I work in LTC w/dementia patients on the 3p-11p shift and I can tell you, in my experience, noise greatly affects most of my dementia patients! And not in a good way.
Change of shift often is met with "noise", the chatter of the oncoming/off going employees, the shuffling around, the overhead pages..I notice a lot of the residents who might have been sitting quietly just as we walk on the floor are very agitated and anxious within 10 minutes of us walking on the floor.
The TV or radio being too loud can also set them off. But in the same token at times, a TV or radio set to a low volume with a soothing type sound works wonders to calm an agitated dementia patient.
At the change of shift as I walk onto the floor, as i pass the radio, I turn it off or turn it down low, I make sure the TV isn't blasting, and I try to keep my voice down. The less background noise the better the resident is.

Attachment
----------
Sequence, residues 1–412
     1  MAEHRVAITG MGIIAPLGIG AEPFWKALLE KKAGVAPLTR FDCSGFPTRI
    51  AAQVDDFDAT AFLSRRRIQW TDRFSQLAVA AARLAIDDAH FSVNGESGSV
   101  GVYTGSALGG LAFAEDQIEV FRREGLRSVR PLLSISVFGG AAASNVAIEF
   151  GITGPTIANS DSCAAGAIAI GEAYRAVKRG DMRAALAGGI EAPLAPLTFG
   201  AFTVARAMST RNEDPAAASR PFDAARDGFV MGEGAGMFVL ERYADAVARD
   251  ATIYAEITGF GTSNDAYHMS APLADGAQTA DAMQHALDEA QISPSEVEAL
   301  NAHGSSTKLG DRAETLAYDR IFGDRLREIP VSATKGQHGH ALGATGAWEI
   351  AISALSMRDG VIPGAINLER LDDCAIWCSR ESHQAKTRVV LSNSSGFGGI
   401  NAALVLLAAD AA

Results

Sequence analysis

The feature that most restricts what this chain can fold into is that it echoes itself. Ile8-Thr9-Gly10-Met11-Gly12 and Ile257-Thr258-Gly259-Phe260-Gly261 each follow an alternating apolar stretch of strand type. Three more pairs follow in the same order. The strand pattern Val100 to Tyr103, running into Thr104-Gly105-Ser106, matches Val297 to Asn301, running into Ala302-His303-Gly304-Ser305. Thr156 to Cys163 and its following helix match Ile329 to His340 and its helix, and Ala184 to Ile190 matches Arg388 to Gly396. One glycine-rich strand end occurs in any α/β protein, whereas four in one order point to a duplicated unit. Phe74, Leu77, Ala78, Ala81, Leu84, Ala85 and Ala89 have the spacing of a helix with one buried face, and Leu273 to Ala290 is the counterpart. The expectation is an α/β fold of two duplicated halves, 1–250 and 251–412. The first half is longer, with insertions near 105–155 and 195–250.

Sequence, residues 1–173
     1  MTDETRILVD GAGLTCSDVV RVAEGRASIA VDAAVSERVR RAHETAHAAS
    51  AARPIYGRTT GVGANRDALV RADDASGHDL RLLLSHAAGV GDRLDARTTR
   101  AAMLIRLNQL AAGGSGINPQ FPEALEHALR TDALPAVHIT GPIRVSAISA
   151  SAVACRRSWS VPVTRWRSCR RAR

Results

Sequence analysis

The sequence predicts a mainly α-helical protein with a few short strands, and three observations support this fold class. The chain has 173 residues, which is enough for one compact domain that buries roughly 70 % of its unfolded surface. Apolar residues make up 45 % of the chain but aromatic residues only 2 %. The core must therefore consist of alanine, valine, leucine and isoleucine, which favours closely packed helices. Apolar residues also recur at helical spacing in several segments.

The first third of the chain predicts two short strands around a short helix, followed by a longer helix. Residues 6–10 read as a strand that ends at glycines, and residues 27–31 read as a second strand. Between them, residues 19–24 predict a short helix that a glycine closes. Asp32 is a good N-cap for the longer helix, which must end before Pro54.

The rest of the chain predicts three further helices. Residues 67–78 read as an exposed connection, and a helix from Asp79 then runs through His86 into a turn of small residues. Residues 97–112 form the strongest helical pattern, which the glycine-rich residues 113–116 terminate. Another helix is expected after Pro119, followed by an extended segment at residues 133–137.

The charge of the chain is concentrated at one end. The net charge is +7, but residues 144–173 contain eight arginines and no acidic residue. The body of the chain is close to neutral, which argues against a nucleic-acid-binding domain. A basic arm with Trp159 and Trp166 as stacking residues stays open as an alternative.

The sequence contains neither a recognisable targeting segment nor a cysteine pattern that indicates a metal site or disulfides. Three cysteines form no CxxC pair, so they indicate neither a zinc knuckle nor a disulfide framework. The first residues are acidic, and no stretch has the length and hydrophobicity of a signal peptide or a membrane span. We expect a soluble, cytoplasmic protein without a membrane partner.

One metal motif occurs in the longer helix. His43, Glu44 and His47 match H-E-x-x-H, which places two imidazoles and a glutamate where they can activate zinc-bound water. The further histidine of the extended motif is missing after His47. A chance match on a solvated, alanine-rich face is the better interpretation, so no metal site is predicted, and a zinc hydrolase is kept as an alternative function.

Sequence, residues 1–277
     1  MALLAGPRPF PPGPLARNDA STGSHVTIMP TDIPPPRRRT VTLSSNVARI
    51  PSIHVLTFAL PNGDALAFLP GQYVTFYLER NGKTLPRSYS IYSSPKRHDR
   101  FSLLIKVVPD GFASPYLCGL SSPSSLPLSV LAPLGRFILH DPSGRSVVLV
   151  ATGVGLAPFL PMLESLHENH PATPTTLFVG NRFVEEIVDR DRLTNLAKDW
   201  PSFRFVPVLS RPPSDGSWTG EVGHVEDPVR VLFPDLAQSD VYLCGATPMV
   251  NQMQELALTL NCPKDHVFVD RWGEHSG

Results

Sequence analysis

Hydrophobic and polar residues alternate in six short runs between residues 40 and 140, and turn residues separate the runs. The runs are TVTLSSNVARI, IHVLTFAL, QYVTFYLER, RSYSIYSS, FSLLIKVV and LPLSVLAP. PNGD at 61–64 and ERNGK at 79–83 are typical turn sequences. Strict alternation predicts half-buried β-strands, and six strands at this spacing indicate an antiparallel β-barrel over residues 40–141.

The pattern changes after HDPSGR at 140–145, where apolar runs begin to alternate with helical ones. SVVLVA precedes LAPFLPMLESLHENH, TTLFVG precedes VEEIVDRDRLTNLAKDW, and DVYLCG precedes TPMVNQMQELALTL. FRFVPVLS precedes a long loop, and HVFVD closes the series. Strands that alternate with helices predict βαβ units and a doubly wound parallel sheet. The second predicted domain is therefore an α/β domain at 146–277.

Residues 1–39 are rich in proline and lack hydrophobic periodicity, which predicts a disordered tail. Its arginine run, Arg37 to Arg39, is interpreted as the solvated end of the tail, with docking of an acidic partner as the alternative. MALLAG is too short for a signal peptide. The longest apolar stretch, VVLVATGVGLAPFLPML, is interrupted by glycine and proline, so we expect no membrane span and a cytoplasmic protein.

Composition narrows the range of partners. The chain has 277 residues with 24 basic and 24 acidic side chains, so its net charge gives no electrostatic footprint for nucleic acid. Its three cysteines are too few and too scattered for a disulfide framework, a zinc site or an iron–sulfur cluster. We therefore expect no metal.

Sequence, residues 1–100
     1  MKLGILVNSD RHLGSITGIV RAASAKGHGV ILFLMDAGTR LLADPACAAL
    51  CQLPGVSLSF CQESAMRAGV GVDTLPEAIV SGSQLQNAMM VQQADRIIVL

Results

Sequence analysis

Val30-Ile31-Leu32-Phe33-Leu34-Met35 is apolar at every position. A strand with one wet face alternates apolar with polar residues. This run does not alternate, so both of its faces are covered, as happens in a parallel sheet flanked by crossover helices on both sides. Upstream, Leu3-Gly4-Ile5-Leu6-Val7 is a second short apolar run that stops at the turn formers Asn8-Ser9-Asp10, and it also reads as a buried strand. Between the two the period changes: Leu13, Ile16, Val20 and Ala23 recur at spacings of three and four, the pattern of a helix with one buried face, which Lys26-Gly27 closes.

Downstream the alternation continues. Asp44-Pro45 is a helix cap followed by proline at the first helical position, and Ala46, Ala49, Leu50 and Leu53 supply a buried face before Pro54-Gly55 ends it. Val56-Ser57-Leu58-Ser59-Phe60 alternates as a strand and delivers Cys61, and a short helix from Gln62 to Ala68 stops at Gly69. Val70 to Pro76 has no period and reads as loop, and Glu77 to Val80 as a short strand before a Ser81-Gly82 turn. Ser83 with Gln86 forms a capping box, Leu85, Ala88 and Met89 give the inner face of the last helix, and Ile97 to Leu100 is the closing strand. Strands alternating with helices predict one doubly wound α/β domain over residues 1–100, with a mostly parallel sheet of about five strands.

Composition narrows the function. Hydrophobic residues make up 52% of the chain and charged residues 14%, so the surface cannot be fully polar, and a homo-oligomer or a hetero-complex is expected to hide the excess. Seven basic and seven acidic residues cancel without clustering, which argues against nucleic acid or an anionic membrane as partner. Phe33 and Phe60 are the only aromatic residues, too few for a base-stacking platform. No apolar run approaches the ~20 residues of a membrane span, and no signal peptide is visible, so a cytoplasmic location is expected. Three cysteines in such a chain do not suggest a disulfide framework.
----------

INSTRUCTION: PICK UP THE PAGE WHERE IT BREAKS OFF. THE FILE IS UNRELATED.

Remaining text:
Later in the shift, I remind my staff to try to keep the tone/volume of their voices down, especially around 'sundowners time". Loud talking, laughing etc tends to perk up the dementia resident who might have been quiet prior to.
Dinner time tends to wind up some of the dementia patients, again, the kitchen staff bringing the trays to the floor, their laughter and chatter, the noise of moving residents to their dining area, etc. I try to have my easily set off residents in an area that isn't ground zero for the noise, they tend to be more relaxed if they aren't in the center of all the noise and movement.
With that said, yes, noise definately affects my patients with dementia. Now I said noise, not sound. Hushed background sounds like a radio set on an easy listening station on a low volume actually will calm most of my residents, talking to them in a calm, soft voice will calm them as opposed to a normal to loud voice. The "bubble" machine (what i call it) that makes soft water sounds will lull a lot of my residents into a peaceful state and sometimes a nap.
Sound can have good and bad effects on a dementia resident.